The last time I saw The Used, it was 10 years prior on the Taste Of Chaos Tour. Riding the success of their 2004 album, In Love and Death, the band was at the top of their game with hits like “Take It Away” and “All That I’ve Got”.
Fast forward to today, and I was making a last minute trek to the Starland Ballroom to catch The Used celebrate their 15th year as a band.
I arrived at the venue just in time for the opening chords of one of my favorite bands, Every Time I Die. The Buffalo, NY hardcore band was acting as main support for the tour, and blasted through a mix of crowd favorites, along with tracks off their newest album, From Parts Unknown.
The crowd was peppered with longtime fans that screamed back every word to frontman Keith Buckley, while others were clearly anticipating the headline act. Most of the room got moving to the band’s Nirvana cover, “Tourettes”, which is also available on the bands Record Store Day release Salem.
I began to feel the energy in the room change as the stage crew began the changeover. A mountain of tube televisions (remember those?) decorated both sides of the drum riser in leu of traditionally visible guitar amps. This was a cool touch with production that gave the show a different feel. As the lights dimmed, the crowd roared as frontman Bert McCracken and company walked to center stage.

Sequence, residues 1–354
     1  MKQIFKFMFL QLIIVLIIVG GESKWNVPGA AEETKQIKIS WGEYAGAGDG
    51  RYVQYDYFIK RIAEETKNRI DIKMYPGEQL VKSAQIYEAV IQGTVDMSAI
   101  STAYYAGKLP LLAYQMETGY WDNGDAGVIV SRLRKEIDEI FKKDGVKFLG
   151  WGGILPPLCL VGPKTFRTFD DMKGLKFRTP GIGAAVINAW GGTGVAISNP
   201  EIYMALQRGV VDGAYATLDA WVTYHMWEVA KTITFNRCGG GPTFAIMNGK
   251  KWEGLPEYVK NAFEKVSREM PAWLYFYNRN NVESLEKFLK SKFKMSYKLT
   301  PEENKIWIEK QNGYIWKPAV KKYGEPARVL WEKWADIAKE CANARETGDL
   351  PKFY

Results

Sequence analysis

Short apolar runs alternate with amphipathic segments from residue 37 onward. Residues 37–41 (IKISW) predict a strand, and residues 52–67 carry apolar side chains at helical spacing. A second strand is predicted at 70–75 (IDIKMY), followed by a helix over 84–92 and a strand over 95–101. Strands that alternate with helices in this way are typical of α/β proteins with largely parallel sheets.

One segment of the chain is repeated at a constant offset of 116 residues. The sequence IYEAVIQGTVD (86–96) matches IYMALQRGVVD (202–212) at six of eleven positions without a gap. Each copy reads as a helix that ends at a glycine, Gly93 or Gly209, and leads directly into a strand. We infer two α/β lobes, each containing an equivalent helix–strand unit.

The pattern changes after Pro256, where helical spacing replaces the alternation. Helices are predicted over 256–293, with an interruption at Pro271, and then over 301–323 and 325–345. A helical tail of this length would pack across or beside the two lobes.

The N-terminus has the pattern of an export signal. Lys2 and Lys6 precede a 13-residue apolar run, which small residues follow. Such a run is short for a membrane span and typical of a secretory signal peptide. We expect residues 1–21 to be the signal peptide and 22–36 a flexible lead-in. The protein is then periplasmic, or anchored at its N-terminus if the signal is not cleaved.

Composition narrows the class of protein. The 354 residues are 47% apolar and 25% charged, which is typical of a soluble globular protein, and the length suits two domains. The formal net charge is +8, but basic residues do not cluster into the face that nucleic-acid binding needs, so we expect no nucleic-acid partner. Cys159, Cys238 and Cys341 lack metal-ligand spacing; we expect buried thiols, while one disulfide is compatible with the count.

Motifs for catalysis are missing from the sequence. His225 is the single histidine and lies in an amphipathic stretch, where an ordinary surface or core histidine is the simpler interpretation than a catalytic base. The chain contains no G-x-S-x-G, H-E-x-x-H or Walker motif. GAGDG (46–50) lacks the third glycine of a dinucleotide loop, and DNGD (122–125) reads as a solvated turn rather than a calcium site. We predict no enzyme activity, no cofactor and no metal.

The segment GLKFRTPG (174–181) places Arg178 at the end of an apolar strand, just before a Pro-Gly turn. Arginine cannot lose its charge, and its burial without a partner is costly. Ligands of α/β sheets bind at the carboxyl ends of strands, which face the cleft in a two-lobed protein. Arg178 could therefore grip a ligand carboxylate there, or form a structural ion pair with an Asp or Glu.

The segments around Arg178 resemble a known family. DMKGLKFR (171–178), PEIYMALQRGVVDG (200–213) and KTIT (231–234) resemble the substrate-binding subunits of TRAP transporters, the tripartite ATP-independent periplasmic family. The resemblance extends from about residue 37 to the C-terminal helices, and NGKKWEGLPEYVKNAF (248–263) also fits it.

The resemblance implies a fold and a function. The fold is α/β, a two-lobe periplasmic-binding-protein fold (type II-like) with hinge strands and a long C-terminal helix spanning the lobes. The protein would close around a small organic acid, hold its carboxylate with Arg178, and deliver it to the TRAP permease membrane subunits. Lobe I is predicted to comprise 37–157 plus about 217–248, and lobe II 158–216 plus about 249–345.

The band launched into their Self Titled album opener, “Maybe Memories” and the floor erupted in moshing and crowd surfing. In the ten years since I had last seen the band, their intensity on stage had increased tenfold, each member’s stage presence was frenetic and I could tell they were having a blast. A cool moment for me was when the band segued into a jam of the main riff from recently reunited hardcore act Refused’s “New Noise”.
The setlist was comprised of The Used’s greatest hits throughout the years, but the focus was on the old school fans, as eight of the tracks performed were from the first two albums.
McCracken’s stage banter displayed gratitude and appreciation for the audience that continues to follow the band from album to album. At one point, McCracken instructed the crowd to hold their arm in the air, and slyly wrap it around the person next to them in a loving side hug. Regardless of race, religion, sexual preference or political stance, Music is what brings everybody together.
McCracken was looking for everybody to let go and have a good time, and the crowd did just that. After 15 years as a band, I’m looking forward to where The Used can take their established sound.
If this tour has shown anything, it’s that their fan base isn’t going anywhere.